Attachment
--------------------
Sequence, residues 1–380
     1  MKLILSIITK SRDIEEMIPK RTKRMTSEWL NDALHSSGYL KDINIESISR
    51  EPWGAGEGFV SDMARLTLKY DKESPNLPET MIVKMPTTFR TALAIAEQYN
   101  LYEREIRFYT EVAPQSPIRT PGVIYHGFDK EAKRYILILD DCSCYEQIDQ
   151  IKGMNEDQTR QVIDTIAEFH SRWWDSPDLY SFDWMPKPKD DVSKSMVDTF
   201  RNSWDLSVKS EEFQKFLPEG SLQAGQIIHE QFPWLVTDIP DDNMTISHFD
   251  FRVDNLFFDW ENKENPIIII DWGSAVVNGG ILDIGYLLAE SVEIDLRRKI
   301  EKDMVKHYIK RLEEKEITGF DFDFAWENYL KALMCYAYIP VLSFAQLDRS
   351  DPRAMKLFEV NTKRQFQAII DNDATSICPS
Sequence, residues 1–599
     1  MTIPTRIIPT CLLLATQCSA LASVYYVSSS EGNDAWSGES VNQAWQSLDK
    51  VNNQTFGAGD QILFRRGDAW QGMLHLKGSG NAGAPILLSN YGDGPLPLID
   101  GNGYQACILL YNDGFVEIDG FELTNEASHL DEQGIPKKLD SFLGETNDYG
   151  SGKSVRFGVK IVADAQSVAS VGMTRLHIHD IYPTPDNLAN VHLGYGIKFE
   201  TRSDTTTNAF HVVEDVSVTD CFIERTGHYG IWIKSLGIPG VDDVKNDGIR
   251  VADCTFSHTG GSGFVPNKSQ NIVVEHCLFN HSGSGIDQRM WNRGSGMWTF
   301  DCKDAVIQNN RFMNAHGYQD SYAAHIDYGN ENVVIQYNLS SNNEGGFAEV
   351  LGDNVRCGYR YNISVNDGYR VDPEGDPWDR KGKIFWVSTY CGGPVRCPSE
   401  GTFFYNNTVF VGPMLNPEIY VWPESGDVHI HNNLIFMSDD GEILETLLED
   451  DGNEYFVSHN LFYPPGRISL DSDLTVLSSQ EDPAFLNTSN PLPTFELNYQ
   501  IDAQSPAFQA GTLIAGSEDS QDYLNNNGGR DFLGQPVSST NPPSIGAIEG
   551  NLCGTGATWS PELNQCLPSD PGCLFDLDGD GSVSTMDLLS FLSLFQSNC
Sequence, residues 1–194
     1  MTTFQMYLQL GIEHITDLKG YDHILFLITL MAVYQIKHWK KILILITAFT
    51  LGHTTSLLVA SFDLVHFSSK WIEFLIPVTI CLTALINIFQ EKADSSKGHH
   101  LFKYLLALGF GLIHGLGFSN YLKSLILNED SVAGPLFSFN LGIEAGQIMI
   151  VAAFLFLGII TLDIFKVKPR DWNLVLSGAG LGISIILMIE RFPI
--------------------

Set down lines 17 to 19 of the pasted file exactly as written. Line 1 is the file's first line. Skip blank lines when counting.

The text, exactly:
   301  DCKDAVIQNN RFMNAHGYQD SYAAHIDYGN ENVVIQYNLS SNNEGGFAEV
   351  LGDNVRCGYR YNISVNDGYR VDPEGDPWDR KGKIFWVSTY CGGPVRCPSE
   401  GTFFYNNTVF VGPMLNPEIY VWPESGDVHI HNNLIFMSDD GEILETLLED